10th District, Ohio
For Immediate Release Contact: John Edgell
Friday, March 10, 2000 202/225-5871
Washington, DC --- Representatives Dennis J. Kucinich (D-OH) and Jack Metcalf (R-WA) this week introduced the bipartisan Genetically Engineered Food Safety Act. The legislation, with the support of five other primary cosponsors, will overhaul the current unscientific review process of genetically engineered foods by the Food and Drug Administration (FDA). "FDA's current policy for genetically engineered food appears to do more to protect the biotechnology industry than to protect consumers," said Kucinich. "FDA's current policy strongly favors food manufacturers at the expense of consumer protection."
Several recent scientific studies indicate that some important questions remain unanswered. Many food safety experts believe that biotech companies and government regulators have failed to ask the right questions with their research. The issues of concern include allergenicity, unintended effects, toxicity, and antibiotic resistance.
Under FDA's genetically engineered food policy, the FDA only reviews summaries of company safety assessments that are voluntarily submitted. Furthermore, the FDA acknowledges that it "does not conduct a comprehensive scientific review." Under the Kucinich-Metcalf proposal, all genetically engineered foods would be required to go through FDA's current food additive process to ensure genetically engineered foods are safe for human consumption. FDA's policy appears to significantly weaken the long-standing requirement under food safety law that food manufacturers must establish scientifically the safety of new substances added to food before selling them to the public. "For traditional food additives, the word 'safe' is defined as 'reasonable certainty that no harm would result from the substance.' But for GEFs, the FDA defines safe as what the industry tells them is safe despite the potential for health concerns," said Kucinich.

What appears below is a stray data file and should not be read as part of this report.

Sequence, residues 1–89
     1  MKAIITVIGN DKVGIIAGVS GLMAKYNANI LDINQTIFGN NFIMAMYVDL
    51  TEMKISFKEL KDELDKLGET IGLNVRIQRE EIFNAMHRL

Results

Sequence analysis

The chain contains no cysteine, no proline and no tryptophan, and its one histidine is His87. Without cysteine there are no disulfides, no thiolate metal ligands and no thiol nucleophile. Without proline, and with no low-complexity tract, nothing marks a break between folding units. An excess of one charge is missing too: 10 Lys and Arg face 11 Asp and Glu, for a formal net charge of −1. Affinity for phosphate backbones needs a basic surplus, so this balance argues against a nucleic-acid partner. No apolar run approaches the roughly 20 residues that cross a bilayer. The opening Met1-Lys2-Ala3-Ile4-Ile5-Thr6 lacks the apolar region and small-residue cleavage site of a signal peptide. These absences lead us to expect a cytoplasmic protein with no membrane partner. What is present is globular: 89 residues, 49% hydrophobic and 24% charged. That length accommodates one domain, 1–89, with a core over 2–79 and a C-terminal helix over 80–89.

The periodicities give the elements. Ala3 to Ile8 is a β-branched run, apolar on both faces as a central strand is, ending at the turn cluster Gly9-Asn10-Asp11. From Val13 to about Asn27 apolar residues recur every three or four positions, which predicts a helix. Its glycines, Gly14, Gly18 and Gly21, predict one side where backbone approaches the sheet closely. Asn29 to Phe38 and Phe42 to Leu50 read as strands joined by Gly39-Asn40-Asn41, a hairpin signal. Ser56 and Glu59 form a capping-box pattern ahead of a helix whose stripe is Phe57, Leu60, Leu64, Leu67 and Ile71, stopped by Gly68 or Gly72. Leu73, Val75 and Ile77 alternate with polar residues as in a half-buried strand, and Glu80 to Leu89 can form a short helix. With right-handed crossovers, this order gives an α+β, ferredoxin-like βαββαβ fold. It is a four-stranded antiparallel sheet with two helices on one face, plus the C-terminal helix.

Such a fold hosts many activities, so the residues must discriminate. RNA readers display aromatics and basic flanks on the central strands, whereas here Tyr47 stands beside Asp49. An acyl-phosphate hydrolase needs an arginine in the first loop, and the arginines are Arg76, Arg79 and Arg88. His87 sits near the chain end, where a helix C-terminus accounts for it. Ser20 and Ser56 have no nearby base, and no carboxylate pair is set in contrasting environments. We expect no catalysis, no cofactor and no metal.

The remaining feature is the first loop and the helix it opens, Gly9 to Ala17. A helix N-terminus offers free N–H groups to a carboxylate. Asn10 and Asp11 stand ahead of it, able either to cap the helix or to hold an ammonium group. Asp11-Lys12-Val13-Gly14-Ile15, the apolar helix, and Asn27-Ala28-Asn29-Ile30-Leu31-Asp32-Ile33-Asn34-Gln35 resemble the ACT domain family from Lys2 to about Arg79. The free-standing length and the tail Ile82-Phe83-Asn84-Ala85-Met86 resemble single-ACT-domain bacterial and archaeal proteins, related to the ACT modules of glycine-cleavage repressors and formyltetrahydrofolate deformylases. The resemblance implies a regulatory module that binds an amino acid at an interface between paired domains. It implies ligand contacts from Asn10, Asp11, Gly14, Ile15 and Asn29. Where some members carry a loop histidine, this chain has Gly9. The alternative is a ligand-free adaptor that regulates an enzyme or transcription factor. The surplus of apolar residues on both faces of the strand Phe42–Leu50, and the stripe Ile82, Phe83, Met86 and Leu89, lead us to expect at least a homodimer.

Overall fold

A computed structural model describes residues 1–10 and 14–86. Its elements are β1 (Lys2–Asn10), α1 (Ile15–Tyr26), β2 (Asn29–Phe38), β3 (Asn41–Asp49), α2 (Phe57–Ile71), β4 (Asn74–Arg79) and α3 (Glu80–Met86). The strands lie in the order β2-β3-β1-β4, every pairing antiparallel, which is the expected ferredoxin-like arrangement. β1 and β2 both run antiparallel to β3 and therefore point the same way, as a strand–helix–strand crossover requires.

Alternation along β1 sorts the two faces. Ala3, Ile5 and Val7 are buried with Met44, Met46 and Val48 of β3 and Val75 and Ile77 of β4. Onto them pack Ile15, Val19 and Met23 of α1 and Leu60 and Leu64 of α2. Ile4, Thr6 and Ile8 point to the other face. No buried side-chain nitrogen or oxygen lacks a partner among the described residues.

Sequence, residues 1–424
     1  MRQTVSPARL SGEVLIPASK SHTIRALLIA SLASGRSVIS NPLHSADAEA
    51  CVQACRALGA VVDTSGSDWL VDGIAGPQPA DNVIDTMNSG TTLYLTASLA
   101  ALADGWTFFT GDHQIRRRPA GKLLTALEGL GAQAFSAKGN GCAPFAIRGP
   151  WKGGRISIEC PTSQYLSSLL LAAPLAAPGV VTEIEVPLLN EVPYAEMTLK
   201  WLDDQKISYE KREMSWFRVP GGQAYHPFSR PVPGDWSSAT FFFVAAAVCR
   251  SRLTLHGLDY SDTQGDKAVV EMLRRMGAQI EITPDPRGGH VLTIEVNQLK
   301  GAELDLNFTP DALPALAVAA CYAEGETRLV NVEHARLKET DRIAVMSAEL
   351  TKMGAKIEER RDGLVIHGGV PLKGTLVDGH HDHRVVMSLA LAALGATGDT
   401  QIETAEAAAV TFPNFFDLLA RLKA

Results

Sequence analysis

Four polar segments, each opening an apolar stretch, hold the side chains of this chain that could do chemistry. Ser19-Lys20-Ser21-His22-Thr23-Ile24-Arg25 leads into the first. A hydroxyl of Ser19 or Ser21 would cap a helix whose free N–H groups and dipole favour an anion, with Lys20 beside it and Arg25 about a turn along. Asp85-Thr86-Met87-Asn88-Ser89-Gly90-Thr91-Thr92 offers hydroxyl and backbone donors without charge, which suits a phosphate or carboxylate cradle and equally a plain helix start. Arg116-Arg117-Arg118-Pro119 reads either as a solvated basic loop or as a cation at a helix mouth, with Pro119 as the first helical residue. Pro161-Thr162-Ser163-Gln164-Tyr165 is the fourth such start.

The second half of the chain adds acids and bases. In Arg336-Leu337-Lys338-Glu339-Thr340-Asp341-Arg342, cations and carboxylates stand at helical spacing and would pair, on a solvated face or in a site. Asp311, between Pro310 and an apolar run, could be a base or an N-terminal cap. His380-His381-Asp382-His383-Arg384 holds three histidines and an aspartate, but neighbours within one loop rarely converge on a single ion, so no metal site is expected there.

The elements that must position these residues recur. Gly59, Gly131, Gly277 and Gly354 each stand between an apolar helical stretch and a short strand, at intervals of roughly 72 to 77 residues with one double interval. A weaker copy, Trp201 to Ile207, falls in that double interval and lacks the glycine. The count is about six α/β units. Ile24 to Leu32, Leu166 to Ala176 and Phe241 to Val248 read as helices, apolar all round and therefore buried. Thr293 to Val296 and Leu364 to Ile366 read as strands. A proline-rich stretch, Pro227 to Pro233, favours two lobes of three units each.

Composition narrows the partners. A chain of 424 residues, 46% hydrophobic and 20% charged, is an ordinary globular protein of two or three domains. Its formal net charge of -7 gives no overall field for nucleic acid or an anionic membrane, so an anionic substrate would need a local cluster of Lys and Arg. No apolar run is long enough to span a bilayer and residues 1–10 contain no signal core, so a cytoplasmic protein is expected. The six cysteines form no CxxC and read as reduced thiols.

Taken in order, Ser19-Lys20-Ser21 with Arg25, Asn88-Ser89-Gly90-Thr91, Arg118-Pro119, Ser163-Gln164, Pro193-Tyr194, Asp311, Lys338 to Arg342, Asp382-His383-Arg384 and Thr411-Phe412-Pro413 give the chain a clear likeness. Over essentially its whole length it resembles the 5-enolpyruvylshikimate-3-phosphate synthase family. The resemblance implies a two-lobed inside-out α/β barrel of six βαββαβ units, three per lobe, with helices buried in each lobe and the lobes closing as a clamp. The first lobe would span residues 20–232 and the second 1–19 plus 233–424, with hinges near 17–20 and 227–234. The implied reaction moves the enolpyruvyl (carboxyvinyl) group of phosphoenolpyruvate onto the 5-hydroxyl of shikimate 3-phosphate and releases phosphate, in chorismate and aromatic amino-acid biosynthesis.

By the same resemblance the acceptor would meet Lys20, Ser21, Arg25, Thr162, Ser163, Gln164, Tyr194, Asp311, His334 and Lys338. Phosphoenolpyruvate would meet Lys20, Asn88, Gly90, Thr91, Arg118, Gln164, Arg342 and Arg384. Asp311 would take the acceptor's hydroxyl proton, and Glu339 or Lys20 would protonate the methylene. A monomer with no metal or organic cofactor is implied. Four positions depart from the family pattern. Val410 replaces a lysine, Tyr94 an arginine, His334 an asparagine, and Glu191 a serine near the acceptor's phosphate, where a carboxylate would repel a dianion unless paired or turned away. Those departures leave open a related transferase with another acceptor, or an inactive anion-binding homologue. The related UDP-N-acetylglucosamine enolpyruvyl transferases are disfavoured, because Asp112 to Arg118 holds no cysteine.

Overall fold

Summary of "The Genetically Engineered Food Safety Act"
Purpose of the Legislation
Genetically engineered food (GEF) has become a major component of many foods in the diets of consumers in the United States. Potential health concerns have arisen as it has become clear that the Food and Drug Administration (FDA), our food safety regulatory body, takes a minimal approach to safety testing of GEFs. The potential health concerns include hidden allergens, unexpected impacts and increased toxins. Long-term safety research does not exist today, making a cautious approach the appropriate course of action.
The Food Additive Process for Strong Safety Testing
The bill will require all GEFs to go through FDA's current food additive process to ensure GEFs are safe for human consumption. The bill will also require that unique concerns of GEFS are explicitly examined in the review process. The concerns to be examined include, but are not limited to, allergenicity, unintended effects, toxicity, functional characteristics, and nutrients levels. However, the food additive process gives the FDA discretion in applying the safety factors that are generally recognized as appropriate. A Public Review Process